Two cellists performing in public
11 Sep 2023

First census of UK musicians highlights the challenges of a career in the music industry, with low earnings proving a career barrier for many and significant numbers struggling to support their families.

ACE simplifies 'confusing' grant application process

A woman sitting in front of a laptop computer
04 Aug 2023

Applications for National Lottery Project Grants are set to undergo a shakeup after applicants expressed frustration with the current process.

Co-working studio spaces open at Birmingham’s STEAMhouse

04 Aug 2023

A new co-working studio space facility has opened at Birmingham City University’s STEAMhouse, providing space to creative individuals and organisations looking for a place to work.

The studio space provides access to dedicated workstations. Local creatives can gain access to the space by signing up for a paid monthly membership.

“The joy of STEAMhouse is that no-one works entirely alone,"  Clayton Shaw, Head of STEAMhouse, said.

"By coming together in co-working spaces, there is the freedom to share ideas and make new friends, which is the ideal environment for small creative businesses to thrive.

“We have set the pricing to be affordable for small businesses and sole traders. It is a great asset to the city’s artistic and creative industries.”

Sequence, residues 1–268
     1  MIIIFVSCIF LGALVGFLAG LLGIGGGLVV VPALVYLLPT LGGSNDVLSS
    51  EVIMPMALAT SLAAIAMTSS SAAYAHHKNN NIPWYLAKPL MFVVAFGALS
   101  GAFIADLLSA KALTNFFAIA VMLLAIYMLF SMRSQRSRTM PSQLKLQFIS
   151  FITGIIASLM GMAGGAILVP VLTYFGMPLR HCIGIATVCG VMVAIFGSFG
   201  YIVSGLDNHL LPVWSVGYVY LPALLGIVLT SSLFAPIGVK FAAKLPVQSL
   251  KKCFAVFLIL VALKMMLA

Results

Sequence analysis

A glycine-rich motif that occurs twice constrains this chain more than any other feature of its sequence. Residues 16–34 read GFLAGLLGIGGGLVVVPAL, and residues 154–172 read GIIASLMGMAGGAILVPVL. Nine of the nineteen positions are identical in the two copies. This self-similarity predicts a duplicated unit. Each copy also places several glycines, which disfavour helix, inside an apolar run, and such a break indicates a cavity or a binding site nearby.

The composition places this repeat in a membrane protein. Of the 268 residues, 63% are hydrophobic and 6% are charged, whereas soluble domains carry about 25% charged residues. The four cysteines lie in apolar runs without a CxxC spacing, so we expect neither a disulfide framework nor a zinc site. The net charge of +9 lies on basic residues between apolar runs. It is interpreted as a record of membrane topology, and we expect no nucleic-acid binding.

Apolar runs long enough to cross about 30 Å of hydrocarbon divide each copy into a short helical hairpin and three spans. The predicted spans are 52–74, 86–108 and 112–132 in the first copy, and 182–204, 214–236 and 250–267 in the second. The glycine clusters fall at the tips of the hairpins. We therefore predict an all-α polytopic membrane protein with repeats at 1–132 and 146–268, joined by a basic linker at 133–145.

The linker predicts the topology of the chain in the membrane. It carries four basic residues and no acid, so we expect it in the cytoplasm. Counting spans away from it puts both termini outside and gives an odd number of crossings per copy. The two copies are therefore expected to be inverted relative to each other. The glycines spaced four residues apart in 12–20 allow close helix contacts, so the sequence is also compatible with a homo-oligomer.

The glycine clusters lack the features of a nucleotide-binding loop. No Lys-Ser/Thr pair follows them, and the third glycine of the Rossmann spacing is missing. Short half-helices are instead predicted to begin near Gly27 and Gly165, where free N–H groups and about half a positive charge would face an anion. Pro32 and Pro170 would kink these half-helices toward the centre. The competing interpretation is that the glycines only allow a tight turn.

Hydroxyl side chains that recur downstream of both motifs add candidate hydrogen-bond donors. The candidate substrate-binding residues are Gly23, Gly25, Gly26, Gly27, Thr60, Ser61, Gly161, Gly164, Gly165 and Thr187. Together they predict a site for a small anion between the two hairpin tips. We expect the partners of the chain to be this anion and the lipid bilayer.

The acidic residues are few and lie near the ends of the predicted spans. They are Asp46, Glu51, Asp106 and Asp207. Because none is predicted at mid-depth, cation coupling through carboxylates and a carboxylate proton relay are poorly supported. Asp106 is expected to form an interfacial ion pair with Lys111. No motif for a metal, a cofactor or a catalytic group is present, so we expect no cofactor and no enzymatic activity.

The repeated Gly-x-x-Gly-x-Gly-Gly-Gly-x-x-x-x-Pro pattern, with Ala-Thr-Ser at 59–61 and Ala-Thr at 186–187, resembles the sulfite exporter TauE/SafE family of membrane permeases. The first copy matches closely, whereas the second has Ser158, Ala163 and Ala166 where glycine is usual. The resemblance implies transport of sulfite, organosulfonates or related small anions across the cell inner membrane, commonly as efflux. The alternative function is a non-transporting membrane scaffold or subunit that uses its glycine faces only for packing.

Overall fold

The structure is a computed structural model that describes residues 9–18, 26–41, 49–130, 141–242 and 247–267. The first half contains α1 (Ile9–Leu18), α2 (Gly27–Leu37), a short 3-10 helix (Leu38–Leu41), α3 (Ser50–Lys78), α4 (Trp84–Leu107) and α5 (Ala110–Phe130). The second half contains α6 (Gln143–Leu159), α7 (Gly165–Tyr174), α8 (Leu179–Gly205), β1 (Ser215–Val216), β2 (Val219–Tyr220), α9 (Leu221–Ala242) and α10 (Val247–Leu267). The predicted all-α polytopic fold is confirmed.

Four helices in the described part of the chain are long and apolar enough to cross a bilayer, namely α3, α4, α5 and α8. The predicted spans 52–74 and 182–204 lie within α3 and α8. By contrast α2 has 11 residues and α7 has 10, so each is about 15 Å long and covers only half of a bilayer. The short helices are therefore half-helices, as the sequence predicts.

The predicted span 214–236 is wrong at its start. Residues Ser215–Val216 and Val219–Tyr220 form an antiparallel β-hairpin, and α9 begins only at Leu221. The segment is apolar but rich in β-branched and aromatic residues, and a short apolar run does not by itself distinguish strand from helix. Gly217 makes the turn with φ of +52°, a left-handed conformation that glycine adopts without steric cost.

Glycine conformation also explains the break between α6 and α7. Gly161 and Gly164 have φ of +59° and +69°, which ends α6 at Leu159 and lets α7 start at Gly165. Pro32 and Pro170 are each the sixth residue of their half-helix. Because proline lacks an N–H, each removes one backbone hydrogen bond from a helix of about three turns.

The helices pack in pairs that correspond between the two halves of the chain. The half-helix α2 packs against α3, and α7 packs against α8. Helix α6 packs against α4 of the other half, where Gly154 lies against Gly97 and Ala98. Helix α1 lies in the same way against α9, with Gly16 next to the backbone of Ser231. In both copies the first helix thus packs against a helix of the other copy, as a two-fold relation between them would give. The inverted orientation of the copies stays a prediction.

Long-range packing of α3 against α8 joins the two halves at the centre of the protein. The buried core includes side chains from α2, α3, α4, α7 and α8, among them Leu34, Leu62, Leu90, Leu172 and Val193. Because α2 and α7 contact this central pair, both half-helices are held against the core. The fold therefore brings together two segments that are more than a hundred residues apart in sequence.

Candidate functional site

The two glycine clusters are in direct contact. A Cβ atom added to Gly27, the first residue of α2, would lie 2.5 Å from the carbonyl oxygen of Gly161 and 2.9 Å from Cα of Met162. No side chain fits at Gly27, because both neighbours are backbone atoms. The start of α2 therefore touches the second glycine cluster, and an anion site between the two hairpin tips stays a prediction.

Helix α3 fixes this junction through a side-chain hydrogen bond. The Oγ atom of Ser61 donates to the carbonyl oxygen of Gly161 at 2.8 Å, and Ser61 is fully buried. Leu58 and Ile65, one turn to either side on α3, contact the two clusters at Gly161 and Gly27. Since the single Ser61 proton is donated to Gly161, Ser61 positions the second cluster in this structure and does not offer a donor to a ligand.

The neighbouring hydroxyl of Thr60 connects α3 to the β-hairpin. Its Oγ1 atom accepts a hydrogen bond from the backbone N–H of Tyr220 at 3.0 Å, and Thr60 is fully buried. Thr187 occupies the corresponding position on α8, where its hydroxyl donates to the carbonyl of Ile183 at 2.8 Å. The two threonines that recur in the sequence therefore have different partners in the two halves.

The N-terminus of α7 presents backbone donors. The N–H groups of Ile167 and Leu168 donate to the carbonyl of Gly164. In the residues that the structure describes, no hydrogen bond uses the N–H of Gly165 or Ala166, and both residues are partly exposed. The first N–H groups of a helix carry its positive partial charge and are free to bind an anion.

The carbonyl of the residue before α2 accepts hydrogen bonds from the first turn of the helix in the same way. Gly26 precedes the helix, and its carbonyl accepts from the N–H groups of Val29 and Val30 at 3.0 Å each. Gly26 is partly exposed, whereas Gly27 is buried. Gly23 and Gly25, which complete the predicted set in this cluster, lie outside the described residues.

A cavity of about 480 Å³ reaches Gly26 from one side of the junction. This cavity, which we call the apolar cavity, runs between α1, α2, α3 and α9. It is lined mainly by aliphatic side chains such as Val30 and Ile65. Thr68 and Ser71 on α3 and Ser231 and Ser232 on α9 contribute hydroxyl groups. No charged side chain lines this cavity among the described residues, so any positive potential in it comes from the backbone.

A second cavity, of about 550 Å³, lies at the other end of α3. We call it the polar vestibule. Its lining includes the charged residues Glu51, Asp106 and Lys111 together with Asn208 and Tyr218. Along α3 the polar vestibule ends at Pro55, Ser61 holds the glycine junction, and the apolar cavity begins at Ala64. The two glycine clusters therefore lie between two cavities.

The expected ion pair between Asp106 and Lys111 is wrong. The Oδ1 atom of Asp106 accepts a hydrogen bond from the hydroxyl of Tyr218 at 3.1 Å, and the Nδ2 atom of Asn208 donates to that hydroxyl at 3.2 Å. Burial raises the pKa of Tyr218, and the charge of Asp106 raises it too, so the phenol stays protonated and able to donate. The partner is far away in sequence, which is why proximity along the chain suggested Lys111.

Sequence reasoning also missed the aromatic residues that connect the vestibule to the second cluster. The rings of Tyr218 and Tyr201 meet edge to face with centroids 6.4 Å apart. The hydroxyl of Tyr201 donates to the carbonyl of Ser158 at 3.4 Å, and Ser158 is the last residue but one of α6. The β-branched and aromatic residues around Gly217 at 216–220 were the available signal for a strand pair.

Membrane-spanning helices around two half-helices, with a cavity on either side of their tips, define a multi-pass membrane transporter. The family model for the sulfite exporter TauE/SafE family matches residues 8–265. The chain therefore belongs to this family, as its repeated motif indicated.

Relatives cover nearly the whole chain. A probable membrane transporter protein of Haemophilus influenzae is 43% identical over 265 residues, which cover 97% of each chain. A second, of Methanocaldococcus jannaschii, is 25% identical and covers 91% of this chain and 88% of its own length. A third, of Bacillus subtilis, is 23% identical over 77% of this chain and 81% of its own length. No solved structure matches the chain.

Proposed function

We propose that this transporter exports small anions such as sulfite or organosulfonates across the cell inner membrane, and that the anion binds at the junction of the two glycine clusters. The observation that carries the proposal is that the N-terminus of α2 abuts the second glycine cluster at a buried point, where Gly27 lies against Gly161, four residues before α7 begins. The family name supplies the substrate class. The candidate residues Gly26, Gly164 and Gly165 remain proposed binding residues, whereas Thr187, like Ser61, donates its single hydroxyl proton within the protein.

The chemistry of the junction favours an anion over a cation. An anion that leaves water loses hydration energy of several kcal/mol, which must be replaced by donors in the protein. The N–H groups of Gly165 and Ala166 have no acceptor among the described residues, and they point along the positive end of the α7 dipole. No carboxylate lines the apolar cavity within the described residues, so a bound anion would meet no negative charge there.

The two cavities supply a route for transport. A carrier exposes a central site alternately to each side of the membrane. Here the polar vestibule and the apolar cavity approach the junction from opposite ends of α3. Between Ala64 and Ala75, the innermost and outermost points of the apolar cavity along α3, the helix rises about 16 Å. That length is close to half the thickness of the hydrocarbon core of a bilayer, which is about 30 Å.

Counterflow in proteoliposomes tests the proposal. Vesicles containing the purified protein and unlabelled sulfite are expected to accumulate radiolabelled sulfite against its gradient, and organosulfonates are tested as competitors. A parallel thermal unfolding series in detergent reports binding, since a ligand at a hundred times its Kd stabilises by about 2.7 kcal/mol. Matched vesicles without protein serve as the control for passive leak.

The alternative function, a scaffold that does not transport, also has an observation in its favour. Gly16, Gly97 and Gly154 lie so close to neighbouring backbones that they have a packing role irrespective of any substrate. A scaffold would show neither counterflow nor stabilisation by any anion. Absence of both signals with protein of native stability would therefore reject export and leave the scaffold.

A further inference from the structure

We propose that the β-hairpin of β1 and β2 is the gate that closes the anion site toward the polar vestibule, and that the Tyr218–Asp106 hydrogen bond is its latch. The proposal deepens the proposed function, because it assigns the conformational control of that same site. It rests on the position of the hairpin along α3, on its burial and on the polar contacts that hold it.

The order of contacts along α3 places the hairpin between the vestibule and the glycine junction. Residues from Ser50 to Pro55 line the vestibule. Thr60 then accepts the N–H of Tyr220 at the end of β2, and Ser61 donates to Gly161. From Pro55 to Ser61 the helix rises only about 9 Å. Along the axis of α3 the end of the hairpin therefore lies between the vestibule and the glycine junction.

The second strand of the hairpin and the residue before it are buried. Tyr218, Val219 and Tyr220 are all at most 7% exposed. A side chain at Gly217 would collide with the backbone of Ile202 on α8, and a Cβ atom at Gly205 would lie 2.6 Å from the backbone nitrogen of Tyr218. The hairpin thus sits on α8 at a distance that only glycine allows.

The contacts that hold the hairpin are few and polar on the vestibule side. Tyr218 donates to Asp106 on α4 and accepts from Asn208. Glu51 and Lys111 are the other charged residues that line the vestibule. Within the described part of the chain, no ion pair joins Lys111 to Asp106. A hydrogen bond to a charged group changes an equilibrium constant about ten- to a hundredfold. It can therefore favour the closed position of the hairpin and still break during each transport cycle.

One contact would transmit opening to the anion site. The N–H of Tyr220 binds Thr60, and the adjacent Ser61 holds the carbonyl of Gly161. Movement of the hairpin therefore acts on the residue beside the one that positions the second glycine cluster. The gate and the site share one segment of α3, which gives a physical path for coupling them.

Parliament defends 'no expenses' public art commission

National Memorial Arboretum (Alrewas, Staffordshire)
25 Jul 2023

Confirmation that artists submitting proposals for a project worth half a million pounds will not have their costs covered comes amid concerns about a lack of diversity in public art.

Artists in London reliant on income from outside sector

Artist Grayson Perry, a former ACME tenant, in his studio at Carpenters Road 1994-5.
13 Jul 2023

Survey of artists with affordable rent studios in London finds only one in three make a living from work within the industry.

Flats near HS2 construction to become creative workspaces

A person painting in a workspace
11 Jul 2023

Camden Council teams up with arts organisation to transform 90 empty flats into affordable creative workspaces for local artists.